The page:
A rose-colored picture frame, empty, surrounded by a white background.

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Buying art can be a stressful venture: it’s expensive, some of it is very rare, and finding things that cater to your personal taste and style can prove more difficult than you’d think. But finding good art doesn’t have to be so difficult, and you don’t need millions of dollars to surrender at a Christie’s auction. Having a few tips on hand can make a difference.

The important thing to understand before you buy art is what you actually like. It seems easy, but you might be surprised. The more you know about art and your own style, the easier the hunt will be. The best way to discover what interests you is by visiting galleries and museums. Many of them are free, and you can learn a lot there.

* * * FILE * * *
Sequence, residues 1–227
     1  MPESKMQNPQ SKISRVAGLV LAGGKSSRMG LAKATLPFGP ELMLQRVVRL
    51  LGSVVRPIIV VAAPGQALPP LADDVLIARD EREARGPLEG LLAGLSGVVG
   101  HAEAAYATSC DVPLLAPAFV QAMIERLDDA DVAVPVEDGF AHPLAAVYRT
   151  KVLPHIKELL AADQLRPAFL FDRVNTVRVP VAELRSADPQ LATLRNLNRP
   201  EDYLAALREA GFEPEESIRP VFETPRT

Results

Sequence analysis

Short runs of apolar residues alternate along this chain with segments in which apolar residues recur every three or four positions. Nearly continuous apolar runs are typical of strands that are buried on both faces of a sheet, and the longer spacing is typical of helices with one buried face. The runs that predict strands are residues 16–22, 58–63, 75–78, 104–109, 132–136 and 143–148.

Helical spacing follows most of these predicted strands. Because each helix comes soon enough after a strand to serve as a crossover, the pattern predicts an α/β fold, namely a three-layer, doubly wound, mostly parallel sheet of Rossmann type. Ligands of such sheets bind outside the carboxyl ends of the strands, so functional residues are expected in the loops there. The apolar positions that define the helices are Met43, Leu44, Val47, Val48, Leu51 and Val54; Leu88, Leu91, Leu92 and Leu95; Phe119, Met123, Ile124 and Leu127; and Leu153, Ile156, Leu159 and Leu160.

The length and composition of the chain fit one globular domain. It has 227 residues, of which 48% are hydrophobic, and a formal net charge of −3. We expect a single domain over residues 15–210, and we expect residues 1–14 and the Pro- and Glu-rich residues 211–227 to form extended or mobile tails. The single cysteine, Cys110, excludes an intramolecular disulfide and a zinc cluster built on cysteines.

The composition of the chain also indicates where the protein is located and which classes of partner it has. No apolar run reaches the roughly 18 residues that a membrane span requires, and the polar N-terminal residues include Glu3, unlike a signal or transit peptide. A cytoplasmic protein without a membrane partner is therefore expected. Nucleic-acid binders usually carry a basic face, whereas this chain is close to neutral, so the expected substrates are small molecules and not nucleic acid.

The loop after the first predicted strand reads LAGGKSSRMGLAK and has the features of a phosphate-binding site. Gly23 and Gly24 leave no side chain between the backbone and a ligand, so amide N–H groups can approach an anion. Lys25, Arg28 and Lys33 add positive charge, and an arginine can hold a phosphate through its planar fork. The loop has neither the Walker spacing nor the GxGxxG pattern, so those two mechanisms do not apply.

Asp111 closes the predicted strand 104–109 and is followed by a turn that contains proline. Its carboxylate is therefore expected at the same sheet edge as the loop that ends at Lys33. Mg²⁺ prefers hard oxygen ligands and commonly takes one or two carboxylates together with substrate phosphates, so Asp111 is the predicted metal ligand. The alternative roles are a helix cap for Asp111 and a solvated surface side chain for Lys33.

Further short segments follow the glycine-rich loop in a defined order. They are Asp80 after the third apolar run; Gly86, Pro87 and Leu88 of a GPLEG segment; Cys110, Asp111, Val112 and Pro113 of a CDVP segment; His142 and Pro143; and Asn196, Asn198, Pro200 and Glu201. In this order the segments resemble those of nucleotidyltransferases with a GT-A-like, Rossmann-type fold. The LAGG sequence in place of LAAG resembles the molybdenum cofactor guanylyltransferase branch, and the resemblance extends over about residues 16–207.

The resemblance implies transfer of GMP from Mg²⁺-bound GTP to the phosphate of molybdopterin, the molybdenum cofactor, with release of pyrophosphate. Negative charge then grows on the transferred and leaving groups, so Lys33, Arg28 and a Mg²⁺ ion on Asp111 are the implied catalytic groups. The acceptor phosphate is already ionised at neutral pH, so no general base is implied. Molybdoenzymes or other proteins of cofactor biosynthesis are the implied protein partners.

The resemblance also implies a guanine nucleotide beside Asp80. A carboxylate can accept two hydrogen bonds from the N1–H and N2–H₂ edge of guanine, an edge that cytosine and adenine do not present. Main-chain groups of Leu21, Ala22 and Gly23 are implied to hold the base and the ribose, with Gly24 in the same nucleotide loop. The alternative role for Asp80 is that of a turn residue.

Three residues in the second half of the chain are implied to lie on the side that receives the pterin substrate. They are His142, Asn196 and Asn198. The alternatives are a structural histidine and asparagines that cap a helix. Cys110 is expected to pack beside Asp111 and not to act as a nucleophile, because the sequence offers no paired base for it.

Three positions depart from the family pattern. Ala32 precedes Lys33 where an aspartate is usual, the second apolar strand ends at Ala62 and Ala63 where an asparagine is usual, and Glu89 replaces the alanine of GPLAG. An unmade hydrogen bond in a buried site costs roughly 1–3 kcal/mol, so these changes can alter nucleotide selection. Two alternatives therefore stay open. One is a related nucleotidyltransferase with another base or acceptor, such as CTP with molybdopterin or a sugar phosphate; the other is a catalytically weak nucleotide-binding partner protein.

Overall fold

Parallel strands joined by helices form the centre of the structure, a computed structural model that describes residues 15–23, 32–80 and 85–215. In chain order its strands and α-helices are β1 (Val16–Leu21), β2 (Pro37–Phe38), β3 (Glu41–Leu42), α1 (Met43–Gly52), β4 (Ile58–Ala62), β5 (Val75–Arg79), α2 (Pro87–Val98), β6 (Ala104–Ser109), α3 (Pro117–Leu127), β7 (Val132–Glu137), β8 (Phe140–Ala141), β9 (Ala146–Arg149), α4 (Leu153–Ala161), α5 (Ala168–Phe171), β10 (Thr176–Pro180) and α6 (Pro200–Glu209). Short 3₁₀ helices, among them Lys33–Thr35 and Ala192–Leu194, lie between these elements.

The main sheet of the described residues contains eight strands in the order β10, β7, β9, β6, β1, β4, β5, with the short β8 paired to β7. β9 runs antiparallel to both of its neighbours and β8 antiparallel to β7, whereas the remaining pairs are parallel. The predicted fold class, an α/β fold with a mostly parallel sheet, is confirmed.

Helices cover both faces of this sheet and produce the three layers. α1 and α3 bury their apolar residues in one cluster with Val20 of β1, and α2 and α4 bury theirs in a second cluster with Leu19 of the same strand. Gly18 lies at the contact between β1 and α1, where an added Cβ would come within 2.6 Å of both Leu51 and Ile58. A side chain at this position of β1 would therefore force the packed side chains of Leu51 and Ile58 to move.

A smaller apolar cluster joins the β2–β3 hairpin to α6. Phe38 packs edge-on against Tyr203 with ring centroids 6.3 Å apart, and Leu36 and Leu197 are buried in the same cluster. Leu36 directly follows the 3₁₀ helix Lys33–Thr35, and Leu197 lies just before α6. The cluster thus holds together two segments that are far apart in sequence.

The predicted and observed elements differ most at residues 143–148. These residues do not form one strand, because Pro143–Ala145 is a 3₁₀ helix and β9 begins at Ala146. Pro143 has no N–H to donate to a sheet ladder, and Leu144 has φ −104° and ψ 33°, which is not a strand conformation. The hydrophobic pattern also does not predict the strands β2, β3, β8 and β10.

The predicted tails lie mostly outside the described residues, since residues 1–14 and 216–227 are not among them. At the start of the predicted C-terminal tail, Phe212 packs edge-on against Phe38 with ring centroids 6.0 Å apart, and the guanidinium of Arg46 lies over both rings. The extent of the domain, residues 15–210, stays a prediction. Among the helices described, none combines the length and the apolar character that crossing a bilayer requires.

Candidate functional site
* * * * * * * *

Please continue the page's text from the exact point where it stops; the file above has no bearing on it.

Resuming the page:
It’s best to start small. Certainly you are welcome to splurge, but if you’re new to buying art, it’s better to stay safe. Bob and Cortney Novogratz, art collectors and New York-based designers, encourage new art buyers to consider starting with some photography or a limited-edition print, as they’re easier to come by and won’t cost you an arm and a leg. Or, if you’re on a budget and you have children, enlarge their pieces of art and frame them.

Support local artists! Check out local galleries and college shows to find some newcomers, eager artists who want to get their work out into the world. You never know when you’ll find something really amazing, and by someone who could grow up to be a real contender.

Most importantly, do your research. You’re the one who’s going to live with this art in your life, with conversations about its origin, so it’s necessary that you buy something you’re going to love and enjoy. Talk to other collectors, artists, gallery owners. There’s a lot of art in the world and not all of it will appeal to you.

Be sure to save receipts, emails. Invoices, or any other content that’s created during the transaction. Enjoy your new art!